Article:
Italy's Most Famous Drowned Town

Ransom Riggs

Since Roman times, the towns of Graun and Reschen high in the Alps near the Italian-Swiss border had been occupied. But in 1939, the local power company drew up plans for a dam that would give the area plenty of seasonal electricity -- but create an artificial lake that would unify two natural lakes and submerge the towns in the valley between them. Despite fierce resistance on the part of the villagers, the plan was eventually passed and the ancient towns submerged in 1950. (That pesky second World War delayed things a bit.) The settlement as it once was:

Today all that's visible above the waterline is the campanile, or bell tower, of Graun's 14th-century church tower. Below the waters of Lake Resia, the remains of 163 buildings house fish and eels instead of people, accessible only to divers. (Although I can't find any evidence that diving Lake Resia is actually allowed, which is unfortunate!)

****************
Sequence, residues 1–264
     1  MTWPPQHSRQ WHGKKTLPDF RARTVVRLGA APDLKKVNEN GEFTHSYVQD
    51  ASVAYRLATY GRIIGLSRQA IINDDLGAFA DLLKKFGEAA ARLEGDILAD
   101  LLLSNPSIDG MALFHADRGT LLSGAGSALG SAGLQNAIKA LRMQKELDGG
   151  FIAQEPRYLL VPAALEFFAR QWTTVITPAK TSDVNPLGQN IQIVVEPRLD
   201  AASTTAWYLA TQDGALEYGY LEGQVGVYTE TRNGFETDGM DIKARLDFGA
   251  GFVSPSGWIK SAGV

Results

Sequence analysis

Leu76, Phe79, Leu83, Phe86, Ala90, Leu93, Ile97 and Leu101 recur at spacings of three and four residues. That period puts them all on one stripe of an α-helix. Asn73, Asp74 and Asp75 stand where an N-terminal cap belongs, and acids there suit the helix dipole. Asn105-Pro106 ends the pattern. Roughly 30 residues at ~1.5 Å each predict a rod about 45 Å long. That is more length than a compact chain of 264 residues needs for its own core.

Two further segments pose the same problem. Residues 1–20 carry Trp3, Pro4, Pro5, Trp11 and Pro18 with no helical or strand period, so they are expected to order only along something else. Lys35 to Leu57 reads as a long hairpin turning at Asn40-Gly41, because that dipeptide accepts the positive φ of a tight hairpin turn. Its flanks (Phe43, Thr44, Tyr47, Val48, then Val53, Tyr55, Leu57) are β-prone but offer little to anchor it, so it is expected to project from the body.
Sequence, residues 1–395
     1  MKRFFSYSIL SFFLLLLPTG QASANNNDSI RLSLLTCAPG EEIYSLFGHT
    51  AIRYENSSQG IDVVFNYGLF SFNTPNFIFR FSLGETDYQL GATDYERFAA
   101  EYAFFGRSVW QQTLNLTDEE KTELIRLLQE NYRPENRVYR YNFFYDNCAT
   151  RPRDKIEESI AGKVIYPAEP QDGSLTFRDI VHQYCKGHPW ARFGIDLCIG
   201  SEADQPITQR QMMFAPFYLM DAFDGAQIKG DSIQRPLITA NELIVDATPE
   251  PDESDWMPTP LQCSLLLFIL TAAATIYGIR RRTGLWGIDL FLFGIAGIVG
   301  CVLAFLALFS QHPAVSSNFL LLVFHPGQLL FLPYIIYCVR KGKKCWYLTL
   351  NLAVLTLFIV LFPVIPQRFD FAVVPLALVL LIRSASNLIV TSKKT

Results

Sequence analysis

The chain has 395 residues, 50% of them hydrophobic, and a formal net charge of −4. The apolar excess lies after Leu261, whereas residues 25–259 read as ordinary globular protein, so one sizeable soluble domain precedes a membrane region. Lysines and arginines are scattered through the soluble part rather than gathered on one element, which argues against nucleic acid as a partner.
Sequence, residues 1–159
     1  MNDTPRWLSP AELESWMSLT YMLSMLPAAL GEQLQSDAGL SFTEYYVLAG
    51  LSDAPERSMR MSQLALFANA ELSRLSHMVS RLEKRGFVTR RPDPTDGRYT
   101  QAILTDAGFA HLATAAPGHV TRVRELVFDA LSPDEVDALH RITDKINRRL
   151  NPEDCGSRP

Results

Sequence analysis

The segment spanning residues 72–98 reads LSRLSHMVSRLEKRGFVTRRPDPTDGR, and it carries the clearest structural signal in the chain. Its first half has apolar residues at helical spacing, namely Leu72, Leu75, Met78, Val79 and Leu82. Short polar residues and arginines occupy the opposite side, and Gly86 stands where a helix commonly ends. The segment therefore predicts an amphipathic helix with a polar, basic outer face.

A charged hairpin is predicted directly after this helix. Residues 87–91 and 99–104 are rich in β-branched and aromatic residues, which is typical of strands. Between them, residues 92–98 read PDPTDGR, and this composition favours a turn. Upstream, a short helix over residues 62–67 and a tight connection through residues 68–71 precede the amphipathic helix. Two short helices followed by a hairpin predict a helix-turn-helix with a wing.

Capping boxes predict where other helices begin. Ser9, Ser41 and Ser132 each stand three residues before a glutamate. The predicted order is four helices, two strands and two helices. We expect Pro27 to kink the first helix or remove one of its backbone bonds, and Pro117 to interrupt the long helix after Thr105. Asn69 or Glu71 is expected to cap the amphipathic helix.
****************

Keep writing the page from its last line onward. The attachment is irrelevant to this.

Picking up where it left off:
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When the lake freezes in winter, you can simply walk out to the bell tower. Local legend holds that on cold nights you can still hear its bells ringing -- although the bells were removed on July 18, 1950, a week before the waters came and drowned the church's bottom half.

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